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No decision on cutting US military trainers in Pakistan

April 13, 2011 - Islamabad

No decisions have been made on cutting down the number of American military trainers in Pakistan as yet, but Washington is in discussions with Islamabad on this issue, a US military spokesperson has confirmed.

Pakistan has demanded that the US sharply reduce the number of Central Intelligence Agency operatives and Special Operations forces working on its soil, and that it suspend the CIA drone campaign aimed at militants in the country's tribal region, The New York Times reports.

"The article (NYT report) presents a reduction as already decided on, but the fact is that we continue to discuss the amount and disposition of US trainers in Pakistan," The News quoted a US military spokesperson, as saying.

"It is also true that throughout the period, we've been doing training at the request of the Government of Pakistan, we've continuously discussed the number and disposition of the training forces with the government and Army of Pakistan," the spokesperson added.

In the aftermath of the Raymond Davis saga, Pakistan's demands for reduction in US military trainers, CIA operatives and drone strikes were reiterated in some blunt talk by Pakistan Army chief General Ashfaq Parvez Kayani in his recent meeting with US Central Command (CENTCOM) chief General James Mattis.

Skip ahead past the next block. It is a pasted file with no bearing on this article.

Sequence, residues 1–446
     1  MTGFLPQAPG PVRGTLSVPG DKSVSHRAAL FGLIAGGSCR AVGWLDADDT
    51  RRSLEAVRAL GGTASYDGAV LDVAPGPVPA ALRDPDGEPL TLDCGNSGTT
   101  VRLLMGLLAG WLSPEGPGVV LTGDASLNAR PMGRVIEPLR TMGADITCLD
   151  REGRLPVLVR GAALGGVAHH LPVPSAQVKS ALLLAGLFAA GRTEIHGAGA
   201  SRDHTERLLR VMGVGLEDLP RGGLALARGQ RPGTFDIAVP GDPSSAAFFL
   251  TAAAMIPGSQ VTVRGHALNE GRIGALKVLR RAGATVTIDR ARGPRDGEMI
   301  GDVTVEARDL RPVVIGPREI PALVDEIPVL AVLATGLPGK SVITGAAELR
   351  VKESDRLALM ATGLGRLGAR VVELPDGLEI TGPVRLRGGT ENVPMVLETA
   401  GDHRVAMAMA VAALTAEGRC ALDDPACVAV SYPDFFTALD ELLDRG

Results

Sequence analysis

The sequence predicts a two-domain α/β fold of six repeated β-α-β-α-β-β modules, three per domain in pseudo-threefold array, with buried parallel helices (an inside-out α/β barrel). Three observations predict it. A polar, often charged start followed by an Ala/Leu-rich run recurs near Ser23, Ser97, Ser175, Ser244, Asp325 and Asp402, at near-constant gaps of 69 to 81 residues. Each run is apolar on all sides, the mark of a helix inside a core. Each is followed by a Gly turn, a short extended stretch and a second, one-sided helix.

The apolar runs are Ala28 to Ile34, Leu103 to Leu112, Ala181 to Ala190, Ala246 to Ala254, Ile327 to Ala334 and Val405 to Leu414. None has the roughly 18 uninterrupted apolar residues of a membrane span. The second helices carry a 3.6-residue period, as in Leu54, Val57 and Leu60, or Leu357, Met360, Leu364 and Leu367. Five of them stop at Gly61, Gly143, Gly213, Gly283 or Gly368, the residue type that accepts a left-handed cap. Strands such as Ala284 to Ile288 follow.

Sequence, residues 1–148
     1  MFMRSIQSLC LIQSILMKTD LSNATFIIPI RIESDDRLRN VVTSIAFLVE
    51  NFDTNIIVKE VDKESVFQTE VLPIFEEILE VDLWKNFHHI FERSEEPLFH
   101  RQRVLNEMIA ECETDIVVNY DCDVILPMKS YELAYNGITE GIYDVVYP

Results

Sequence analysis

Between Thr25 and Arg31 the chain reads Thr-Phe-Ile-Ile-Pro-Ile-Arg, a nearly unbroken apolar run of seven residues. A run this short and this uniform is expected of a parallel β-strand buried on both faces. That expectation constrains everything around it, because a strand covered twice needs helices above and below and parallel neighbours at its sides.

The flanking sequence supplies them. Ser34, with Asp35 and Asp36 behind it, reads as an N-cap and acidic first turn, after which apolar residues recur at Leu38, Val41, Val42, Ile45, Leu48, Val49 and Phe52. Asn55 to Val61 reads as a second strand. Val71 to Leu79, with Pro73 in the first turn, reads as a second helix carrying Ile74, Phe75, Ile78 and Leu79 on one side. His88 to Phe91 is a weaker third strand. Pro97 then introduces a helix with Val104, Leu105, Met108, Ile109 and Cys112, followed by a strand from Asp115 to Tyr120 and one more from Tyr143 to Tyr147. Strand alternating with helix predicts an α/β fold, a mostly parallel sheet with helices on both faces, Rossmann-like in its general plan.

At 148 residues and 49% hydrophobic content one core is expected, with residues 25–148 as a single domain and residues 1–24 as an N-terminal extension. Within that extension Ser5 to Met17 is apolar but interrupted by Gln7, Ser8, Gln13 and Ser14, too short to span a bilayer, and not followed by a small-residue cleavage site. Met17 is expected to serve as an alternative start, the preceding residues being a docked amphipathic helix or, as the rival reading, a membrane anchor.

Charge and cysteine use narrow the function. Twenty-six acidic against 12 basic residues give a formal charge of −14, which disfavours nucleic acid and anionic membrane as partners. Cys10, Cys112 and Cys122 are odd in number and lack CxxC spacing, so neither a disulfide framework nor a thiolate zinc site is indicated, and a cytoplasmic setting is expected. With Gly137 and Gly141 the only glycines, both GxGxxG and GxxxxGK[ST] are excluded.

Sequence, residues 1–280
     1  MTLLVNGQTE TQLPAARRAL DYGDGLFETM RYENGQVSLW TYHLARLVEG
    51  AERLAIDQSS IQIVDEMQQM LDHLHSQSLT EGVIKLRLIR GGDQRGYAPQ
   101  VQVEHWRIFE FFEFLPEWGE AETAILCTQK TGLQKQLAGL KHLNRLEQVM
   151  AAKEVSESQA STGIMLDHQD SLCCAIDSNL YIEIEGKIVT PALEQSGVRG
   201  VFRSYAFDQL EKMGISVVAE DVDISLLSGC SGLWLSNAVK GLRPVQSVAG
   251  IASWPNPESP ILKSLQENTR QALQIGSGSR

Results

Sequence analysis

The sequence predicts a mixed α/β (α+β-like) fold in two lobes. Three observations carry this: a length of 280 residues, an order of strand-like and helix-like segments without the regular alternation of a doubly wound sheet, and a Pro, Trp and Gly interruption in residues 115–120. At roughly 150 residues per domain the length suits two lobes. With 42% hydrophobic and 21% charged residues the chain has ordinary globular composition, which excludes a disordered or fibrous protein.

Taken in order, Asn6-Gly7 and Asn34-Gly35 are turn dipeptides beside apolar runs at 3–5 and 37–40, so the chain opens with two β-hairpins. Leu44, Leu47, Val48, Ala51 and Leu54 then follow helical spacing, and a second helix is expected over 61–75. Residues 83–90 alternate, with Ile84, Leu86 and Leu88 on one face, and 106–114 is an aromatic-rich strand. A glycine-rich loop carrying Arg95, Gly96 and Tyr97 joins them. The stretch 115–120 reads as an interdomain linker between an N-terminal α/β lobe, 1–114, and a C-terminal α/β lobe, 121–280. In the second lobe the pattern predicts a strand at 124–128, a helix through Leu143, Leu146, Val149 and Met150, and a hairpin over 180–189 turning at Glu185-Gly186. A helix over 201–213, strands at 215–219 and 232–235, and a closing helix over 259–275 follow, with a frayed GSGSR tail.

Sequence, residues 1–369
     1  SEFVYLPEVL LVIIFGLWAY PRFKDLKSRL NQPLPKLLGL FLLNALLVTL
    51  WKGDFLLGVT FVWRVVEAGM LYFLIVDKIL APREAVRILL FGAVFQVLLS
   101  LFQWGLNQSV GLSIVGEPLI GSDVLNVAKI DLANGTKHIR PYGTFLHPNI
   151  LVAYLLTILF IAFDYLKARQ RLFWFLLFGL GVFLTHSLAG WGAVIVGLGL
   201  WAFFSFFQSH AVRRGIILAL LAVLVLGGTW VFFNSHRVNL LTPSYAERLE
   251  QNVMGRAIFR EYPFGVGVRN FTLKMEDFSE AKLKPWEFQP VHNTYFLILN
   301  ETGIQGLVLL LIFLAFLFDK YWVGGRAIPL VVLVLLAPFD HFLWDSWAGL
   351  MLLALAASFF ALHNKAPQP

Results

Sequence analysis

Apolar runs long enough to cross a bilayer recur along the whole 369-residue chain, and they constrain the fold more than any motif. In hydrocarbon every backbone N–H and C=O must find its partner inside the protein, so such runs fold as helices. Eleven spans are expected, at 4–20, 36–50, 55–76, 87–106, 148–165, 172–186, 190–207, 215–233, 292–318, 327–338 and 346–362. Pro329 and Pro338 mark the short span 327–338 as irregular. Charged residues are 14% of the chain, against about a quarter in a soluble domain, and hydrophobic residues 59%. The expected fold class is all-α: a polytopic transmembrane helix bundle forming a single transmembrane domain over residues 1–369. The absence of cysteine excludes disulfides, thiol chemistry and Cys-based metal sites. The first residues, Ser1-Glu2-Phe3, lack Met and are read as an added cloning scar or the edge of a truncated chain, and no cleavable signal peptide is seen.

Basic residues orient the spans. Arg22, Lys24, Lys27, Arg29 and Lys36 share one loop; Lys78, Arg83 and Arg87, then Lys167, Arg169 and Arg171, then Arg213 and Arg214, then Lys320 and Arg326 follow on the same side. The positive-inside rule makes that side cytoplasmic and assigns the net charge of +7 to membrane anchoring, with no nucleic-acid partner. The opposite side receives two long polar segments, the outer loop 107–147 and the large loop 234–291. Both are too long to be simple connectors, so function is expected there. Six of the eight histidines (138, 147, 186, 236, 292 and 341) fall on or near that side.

"General Mattis had very useful discussions with his Pakistan Army counterparts and spent a great deal of time listening to their thoughts on the partnership," the US military spokesperson had earlier commented.

According to the NYT report, the cuts demanded by Pakistan amounted to 25 to 40 per cent of United States Special Operations forces and CIA contractors present in the country.

The critical question is that what impact the reduction of Pakistani soldiers being trained on their own soil would have on the goals that both Pakistan and the US have set for themselves to fight militancy.

"Since we conduct this training on the request of the government and Army of Pakistan, it would be inappropriate for me to speculate on the impact or training goals related to this reported reduction," said the US military spokesperson, who emphasised that the relationship clearly benefited both Pakistan and the US.


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